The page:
The days are shortening, there’s a chill in the air, and everywhere you look the trees are starting to turn. It’s autumn.
There is a huge amount of squirrel activity over these next few months, and for many squirrels it’s make or break. Autumn is the point in year when there is the most natural food available to squirrels. As trees set their seed in late summer squirrels eagerly anticipate the feast to come. They often start eating and gathering various fruits and seeds whilst they are still ripening. They will be keen to eat their fill as soon as they can, but also to begin hoarding seeds in their stores (called ‘caches’) for the winter period.
Squirrels are scatter hoarders, meaning they move seeds around and bury them throughout their home range.
Key foods they will be seeking out are beech, hazel, and oak, all of which will be producing mature seeds right now. The amount varies from year-to-year, with some years pretty lean and some years producing vast amounts of food.
Summer is a tough time for squirrels, with little natural food and the stresses and strains of the breeding season taking a toll. Some female squirrels will have had two litters and will be in poor condition. They will need all the food they can get to see them through winter. Studies have shown that females that spend more time storing and retrieving food enjoy far better winter survival. Likewise the young squirrels called ‘kittens’ will be dispersing around now, many of these won’t make it, but the odd one will find a suitable wood and set up home.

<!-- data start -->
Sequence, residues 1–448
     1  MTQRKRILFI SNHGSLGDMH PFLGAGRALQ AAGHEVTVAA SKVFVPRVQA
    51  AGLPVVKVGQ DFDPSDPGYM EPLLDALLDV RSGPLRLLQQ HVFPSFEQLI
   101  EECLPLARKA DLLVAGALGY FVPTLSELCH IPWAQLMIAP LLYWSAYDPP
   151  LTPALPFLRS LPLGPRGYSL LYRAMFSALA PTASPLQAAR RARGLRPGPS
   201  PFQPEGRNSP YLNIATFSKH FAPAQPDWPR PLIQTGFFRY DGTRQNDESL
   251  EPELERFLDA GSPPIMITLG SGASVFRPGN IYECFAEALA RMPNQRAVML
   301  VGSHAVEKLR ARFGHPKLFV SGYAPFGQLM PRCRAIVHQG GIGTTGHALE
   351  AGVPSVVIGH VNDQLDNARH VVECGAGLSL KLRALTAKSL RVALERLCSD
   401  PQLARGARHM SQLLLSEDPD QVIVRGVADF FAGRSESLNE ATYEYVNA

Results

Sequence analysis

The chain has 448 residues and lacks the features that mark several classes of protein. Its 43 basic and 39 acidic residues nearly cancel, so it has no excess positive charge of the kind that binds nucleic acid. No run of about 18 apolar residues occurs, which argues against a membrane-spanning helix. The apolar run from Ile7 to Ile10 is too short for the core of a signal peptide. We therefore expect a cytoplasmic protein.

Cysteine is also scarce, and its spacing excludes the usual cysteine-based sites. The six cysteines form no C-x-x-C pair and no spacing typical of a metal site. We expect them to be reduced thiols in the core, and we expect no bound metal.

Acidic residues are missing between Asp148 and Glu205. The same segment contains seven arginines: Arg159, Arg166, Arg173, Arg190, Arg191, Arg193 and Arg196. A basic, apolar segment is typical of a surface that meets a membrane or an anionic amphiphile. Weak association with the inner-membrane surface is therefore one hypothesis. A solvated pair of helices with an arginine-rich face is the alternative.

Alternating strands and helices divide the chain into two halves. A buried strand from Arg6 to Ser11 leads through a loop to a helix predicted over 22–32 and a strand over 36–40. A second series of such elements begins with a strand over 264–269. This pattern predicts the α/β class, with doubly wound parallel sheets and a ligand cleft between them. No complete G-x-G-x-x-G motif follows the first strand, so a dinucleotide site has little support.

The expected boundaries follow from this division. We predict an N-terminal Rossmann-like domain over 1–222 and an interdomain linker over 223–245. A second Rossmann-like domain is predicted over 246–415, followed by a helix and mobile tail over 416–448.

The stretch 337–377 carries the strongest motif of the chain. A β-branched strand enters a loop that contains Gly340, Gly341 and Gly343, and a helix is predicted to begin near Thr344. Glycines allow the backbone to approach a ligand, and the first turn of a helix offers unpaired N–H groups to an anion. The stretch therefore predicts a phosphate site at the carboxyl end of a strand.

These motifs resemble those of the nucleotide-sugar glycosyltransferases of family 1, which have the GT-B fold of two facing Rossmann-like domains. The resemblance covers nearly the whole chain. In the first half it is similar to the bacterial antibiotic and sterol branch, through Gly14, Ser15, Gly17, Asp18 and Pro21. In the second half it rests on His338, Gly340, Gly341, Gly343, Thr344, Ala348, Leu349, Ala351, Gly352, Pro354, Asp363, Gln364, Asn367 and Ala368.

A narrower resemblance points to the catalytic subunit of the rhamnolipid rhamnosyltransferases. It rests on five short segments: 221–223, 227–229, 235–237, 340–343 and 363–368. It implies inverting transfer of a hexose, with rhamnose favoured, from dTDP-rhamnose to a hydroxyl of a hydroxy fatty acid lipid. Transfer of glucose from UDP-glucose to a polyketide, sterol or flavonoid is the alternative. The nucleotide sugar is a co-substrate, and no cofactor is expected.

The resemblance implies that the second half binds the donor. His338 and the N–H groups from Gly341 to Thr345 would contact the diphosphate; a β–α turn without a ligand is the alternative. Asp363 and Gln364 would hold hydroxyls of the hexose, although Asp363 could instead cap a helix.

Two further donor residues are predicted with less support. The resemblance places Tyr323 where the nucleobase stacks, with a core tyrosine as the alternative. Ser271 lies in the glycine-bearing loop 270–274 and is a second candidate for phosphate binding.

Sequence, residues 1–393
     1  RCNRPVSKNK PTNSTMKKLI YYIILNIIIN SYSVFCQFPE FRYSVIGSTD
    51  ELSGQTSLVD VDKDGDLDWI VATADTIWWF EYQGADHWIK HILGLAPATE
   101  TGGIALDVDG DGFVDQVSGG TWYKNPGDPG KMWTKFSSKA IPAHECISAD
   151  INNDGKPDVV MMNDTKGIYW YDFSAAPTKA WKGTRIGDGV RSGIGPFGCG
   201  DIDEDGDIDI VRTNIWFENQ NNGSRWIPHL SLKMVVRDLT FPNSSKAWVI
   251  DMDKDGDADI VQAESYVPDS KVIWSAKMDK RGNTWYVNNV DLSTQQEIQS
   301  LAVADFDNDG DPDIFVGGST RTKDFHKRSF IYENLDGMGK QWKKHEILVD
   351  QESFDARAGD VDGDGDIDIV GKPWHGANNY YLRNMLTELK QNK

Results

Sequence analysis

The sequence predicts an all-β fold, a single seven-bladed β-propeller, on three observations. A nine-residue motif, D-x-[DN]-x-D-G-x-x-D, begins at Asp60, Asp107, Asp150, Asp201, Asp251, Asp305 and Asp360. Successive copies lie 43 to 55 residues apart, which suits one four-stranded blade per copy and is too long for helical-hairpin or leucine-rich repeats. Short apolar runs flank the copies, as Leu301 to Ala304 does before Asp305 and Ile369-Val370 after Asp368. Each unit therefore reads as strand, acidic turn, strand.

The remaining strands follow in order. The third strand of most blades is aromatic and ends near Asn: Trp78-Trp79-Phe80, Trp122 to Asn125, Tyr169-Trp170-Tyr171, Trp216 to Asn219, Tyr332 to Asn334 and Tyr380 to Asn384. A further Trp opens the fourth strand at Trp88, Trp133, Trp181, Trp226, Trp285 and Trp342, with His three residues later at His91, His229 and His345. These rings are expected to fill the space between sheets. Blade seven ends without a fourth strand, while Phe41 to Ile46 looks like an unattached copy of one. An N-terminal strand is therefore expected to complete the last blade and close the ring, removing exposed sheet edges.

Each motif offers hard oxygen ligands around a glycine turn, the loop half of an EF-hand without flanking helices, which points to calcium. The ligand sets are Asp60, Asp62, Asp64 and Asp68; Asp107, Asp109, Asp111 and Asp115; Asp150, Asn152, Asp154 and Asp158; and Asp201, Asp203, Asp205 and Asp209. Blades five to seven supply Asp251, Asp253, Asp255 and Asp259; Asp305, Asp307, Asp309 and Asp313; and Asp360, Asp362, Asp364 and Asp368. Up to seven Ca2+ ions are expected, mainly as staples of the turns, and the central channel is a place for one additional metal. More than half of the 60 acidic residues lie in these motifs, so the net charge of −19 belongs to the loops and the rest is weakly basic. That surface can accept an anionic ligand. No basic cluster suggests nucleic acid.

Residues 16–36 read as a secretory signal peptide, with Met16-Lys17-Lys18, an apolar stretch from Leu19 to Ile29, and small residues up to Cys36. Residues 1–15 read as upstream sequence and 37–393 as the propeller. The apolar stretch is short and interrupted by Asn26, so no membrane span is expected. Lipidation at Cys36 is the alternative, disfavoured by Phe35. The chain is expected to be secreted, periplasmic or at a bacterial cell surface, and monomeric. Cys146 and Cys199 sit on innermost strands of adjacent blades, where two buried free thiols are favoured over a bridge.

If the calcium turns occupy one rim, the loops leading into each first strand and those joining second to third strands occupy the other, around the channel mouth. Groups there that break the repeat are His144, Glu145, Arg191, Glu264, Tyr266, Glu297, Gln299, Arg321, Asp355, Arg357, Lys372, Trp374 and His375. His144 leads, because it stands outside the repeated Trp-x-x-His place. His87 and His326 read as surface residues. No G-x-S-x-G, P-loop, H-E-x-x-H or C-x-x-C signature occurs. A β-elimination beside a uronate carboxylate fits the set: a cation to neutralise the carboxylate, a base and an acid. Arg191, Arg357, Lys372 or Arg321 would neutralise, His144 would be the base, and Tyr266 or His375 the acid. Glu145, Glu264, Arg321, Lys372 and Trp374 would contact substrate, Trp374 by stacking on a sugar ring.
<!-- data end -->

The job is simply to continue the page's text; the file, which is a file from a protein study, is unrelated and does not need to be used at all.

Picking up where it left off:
As winter approaches, grey squirrels begin to add to their winter nests or dreys. The female squirrel builds a summer drey to house her youngsters and this is usually a rough ball of twigs and leaves lined with straw moss or feathers often in a tree-hollow or sometimes in a fork in the trunk or between high branches.
But in autumn, the squirrels anticipate the coming winter by boosting the insulation on their dreys in case they need to sleep out a cold snap. They don’t hibernate here in the British Isles, but will take to their dreys for few days at a time to ride out freezing, windy or damp conditions.
When they emerge, they search for the nuts and other food that they have buried as insurance against severe weather. In winter, some grey squirrels can even produce a litter of youngsters, whose survival is boosted by their parents ability to find food. Raiding of bird-tables is a regular habit and no doubt increases their chances of survival at this precarious time when their favourite large seeds are in short supply. I know they aren’t native and wouldn’t it be amazing to see lots of our native red squirrels everywhere but I can’t help smiling when I see these busy little creatures around.
Be warned not all grey squirrels build dreys in trees. Many will winter around old buildings or in roof-spaces where they can be a nuisance, gnawing electrical cables.